Vale Dr Terence Joseph Horgan, 1934 – 2024.(OX and Honorary Old Ignatian)
Tuesday, 28 May 2024
To longer term members and supporters of the Old Ignatians Rugby Club, Dr Terry Horgan, “The Doc’” needs no introduction – and even many ‘newer’ members would be familiar with him from his regular attendance at matches – usually with his great mates, the late Les Kirkpatrick, and Paul Sheridan.

Terry was Life Member #5. 1979 had been a watershed year in the history of the OIRFC. After a few years as a one team club, we bit the bullet and doubled to two. This was helped by a strong influx of 1978 school leavers, including a young goal kicking breakaway (flanker) John Horgan. The bonus was the addition of his father Terry to our supporter ranks.

The family connection increased in 1980 when Mark “Max” Horgan joined the club – one of the greatest “weight for age” halfbacks this club has had!! Terry immediately established himself as an enthusiastic and strong supporter of the club. This was manifested by his vociferous support at matches, his keen photography, his medical support, and his regular patronage of club events. He was integral in the management of the club as well. In 1987 when incumbent President Ken Richards passed away suddenly, Terry took over as President, a role he held till 1989. He has held the role of Vice President many times.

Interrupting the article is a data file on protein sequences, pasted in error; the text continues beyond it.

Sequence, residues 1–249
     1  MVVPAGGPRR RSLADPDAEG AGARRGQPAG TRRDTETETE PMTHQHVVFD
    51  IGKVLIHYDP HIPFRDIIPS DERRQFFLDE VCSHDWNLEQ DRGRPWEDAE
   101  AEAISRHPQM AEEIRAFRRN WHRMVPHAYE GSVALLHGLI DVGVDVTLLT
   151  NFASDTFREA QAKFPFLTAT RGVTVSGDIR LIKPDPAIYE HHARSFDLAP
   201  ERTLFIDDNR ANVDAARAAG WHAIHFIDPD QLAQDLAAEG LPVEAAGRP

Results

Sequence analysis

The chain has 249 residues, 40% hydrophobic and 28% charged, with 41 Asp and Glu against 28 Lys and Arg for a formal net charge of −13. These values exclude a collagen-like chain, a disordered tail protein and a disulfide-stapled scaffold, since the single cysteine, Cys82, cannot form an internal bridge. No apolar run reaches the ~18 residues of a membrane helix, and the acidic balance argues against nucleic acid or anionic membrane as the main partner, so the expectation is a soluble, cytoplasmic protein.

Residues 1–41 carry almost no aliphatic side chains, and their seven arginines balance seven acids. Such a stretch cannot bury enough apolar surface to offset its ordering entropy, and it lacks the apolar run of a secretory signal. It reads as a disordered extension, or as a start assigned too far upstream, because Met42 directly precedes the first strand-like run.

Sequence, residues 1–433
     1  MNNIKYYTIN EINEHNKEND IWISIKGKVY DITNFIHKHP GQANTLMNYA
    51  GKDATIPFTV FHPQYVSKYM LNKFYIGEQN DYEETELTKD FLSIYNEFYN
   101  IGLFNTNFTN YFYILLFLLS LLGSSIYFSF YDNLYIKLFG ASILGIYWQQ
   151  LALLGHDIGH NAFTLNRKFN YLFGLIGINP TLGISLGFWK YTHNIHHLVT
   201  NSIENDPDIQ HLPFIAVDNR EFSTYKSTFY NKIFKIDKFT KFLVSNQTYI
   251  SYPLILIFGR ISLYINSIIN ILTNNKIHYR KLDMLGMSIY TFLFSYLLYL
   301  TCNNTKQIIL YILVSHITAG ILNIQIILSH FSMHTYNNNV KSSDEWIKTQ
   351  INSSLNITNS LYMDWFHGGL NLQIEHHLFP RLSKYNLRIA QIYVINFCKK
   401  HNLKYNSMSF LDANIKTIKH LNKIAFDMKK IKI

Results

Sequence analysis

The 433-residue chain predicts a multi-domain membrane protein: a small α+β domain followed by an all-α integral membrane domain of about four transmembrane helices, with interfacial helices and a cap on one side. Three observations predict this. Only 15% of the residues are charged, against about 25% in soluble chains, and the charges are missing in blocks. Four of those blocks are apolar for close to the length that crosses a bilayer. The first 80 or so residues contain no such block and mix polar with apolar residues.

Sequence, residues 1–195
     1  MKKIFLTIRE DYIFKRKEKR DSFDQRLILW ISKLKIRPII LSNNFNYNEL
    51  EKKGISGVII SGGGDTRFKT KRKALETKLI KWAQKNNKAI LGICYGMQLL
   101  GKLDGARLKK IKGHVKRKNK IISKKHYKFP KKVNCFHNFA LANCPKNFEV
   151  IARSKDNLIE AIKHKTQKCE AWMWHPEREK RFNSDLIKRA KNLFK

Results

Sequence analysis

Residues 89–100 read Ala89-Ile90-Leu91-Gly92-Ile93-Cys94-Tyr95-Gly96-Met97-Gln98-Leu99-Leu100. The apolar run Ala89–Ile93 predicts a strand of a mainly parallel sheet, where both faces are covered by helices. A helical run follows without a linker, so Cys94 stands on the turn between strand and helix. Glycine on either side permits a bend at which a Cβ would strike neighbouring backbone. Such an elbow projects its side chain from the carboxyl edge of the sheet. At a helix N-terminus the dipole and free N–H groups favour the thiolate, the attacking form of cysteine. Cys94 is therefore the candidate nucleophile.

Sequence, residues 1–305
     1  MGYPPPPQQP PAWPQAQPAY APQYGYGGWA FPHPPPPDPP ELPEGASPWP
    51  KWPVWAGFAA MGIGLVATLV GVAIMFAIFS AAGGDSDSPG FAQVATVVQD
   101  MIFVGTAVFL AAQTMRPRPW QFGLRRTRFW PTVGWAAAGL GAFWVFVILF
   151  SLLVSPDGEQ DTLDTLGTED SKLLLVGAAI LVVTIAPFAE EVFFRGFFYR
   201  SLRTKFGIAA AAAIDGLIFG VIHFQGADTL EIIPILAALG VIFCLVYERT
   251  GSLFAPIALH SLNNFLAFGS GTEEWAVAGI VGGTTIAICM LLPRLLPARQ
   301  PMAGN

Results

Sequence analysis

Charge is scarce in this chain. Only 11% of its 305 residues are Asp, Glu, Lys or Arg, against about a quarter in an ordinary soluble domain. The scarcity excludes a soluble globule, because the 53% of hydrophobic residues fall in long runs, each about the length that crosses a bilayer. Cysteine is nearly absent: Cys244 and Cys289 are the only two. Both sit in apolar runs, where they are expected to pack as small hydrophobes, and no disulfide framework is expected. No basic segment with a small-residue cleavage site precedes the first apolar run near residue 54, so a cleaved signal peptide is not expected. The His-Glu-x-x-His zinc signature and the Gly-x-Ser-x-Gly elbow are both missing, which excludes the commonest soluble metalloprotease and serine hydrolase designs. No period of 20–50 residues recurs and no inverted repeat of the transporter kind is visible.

What made Terry’s support even more remarkable was that he was an Old Xaverian, and that it continued so long after his sons had moved interstate and overseas, and were no longer playing. And what a multi-talented and dexterous man he was – invariably having his trusty camera in one hand, a glass of red in another, a transistor radio in another (checking on the races and other footy scores) his medical bag over his shoulder, a spare hipflask of red and, in the months leading up to the Indian Bazaar, his infamous books of tickets for the Old Xav’s raffle in yet another hand! We remember his sterling medical assistance to the club. Old Iggies were one of the few clubs to regularly have a doctor on the sidelines.

He was frequently sighted stitching up someone, checking a bump, or reassuring someone that more serious damage hadn’t occurred. But those who were more significantly injured got the full range of Terry’s support - arranging hospital visits, liaising with specialists or making follow up calls to check on progress. He always had yet another hand active, holding a mobile to make the necessary calls for ambulances.

Paul Timmins (OIRFC)